With the merge of these two organizations, the Eisenhower Institute was officially created, and Ms. Eisenhower was named as the president and chief executive officer of the institute. Its goals to this day remain the encouragement, development and sponsorship of civic discourse on significant issues of public policy, both domestic and international, through the rigorous pursuit of facts, respectful dialogue among stakeholders, and a focus on the future.

The institute and Gettysburg College today

Gettysburg College campus entrance

Gettysburg College cemented its strong affiliation with the Eisenhower Institute in 2006 when the two entities formally announced a new relationship by combining the programs of the institute under the umbrella of the College's own efforts. The institute is now operated as a program of Gettysburg College with two sites. With offices in the heart of the nation's capital and in an historic home in Gettysburg once occupied by Dwight and Mamie Eisenhower, the institute remains an organization for research, discussion and outreach in issues of leadership and public policy. With this new relationship, the institute will also be recognized as sponsoring one of the nation's strongest undergraduate programs in public policy.[citation needed] Today, the institute provides dialogue among policy-makers and a learning experience for undergraduates – by blending the two.[citation needed]


Grounded in President Dwight D. Eisenhower’s legacy of leadership, The Eisenhower Institute at Gettysburg College promotes nonpartisan discourse and critical analysis of issues of long-term importance through competitive fellowships, access to renowned experts, and symposia.

The Institute prepares undergraduates to assume their responsibility as global citizens in public, private, and nonprofit sectors—students learn how to lead with integrity, build capital to garner influence, and translate knowledge into action.


Public policy programs

The institute's public policy programs have a strong history in our nation's capital. With President Eisenhower as its model, the institute pursues a domestic and international policy agenda driven by the rigorous pursuit of facts, respectful dialogue among stakeholders, and a focus on the future. Policy themes based on these objectives are chosen on a multi-year basis. Programming events include Washington Roundtables, book events, lectures, policy discussions on Capitol Hill, and frequent outreach publications. Programs are offered on campus in Gettysburg and in Washington. Transportation is provided to students and faculty for events in Washington.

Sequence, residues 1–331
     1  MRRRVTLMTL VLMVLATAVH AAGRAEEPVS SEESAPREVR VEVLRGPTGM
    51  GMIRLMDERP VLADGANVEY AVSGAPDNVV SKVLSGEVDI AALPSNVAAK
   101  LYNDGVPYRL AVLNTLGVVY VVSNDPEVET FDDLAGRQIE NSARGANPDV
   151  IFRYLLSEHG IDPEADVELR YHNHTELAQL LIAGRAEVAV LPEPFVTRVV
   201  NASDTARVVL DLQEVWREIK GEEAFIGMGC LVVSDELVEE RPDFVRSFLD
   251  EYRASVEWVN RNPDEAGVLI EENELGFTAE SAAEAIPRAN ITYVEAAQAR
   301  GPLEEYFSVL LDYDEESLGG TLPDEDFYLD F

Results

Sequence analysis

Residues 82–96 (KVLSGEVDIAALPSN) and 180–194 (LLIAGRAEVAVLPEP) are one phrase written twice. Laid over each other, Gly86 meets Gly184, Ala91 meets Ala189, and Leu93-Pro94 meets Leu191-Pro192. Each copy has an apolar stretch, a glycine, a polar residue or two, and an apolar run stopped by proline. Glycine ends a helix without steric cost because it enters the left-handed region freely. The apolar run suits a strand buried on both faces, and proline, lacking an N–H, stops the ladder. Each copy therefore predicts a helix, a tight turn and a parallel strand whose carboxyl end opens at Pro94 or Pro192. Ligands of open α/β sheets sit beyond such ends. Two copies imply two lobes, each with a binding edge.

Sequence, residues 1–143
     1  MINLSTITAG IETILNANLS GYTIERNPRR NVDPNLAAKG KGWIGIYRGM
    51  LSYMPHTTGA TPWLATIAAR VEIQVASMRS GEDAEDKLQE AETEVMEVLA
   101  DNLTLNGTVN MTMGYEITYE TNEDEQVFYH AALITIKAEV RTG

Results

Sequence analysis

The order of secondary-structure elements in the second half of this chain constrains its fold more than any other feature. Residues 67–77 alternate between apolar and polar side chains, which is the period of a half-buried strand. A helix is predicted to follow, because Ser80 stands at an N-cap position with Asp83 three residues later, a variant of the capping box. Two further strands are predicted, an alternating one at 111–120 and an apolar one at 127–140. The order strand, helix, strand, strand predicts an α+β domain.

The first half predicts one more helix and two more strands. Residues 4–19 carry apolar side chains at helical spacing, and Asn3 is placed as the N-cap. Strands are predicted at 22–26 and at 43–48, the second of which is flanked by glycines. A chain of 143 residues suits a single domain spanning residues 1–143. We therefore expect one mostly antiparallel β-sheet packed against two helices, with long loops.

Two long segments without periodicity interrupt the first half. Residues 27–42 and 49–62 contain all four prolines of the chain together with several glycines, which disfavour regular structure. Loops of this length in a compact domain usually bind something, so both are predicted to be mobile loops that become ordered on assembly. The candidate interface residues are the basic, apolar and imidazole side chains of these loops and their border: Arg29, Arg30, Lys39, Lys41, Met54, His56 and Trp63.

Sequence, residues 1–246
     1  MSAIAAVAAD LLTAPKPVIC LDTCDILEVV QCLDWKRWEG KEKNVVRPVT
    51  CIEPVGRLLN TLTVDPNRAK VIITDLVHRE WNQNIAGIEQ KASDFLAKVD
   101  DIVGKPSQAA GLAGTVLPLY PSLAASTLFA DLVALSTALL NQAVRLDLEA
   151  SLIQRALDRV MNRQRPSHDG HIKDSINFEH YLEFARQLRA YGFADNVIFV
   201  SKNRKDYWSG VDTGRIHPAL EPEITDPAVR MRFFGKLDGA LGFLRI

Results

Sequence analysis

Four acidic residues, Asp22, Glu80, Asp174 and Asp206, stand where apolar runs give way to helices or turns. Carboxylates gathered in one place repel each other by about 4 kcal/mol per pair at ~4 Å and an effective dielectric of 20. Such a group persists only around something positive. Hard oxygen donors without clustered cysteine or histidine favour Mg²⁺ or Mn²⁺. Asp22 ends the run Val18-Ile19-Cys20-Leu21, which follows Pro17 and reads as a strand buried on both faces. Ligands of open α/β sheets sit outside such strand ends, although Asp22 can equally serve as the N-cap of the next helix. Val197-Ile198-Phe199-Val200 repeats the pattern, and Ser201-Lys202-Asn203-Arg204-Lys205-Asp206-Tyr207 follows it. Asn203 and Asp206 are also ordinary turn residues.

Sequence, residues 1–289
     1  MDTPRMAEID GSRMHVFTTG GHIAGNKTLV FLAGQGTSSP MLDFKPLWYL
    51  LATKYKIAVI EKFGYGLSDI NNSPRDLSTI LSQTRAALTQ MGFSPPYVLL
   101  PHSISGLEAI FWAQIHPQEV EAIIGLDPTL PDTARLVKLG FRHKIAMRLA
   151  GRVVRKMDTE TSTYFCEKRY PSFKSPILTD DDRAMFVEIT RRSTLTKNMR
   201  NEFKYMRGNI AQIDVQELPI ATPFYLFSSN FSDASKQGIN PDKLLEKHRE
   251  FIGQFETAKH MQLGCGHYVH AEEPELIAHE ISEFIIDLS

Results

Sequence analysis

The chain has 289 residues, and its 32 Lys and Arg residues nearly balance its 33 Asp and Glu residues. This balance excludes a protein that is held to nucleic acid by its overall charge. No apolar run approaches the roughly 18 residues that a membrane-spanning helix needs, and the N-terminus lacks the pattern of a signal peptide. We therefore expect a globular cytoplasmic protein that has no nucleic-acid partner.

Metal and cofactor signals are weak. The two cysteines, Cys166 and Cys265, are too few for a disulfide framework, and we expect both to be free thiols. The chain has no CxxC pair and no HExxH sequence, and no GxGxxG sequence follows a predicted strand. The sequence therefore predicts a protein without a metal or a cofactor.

The Eisenhower Undergraduate Fellows

The institute designs programs that capitalize on the synergistic possibilities of its two locations. One such opportunity is the EI Undergraduate Fellows program, which annually gives a select group of Gettysburg College students the chance to develop their leadership skills and grow in their knowledge and understanding of public policy. Fellows are chosen annually; they reside in the historic Eisenhower home above the institute's offices. Students receive a stipend each semester and engage fully in the planning and promotion of specific programs and projects.

Scholarship programs

The institute provides a number of national scholarships and fellowships for high school, undergraduate, and graduate students, our future leaders, to participate in dialogue with prominent figures and to pursue study of public policy and related fields. Since the founding of the institute, it has provided in excess of $3 million to deserving students wishing to further their educational and professional experiences. The institute also offers a semester-based internship program available to all students, giving them an opportunity to take a hands-on approach to domestic and international policy-making.

Prizes and awards

The EI annually awards the Eisenhower Leadership Prize, celebrated by a formal award ceremony and dinner in Washington. Recent recipients have included: U.S. Senator John McCain; Nobel Laureate Elie Wiesel; former U.S. Secretary of State, Gen Colin Powell; and former Secretary of the Treasury Robert Rubin. Occasionally, the institute bestows the Eisenhower Public Service Award. The 2002 recipient was Tom Brokaw, former NBC News anchorman.

Since 1992 the institute has annually awarded an Eisenhower Leadership Prize to recognize individuals whose lifetime accomplishments reflect Dwight D. Eisenhower’s legacy of integrity and leadership. The Eisenhower Leadership Prize stands as the institute's most distinguished and celebrated award. It is presented at annual celebratory dinners held in honor of the recipients. Past recipients have been:


  1. ^ http://www.eisenhowerinstitute.org About, The Eisenhower Institute. URL retrieved on May 13, 2008.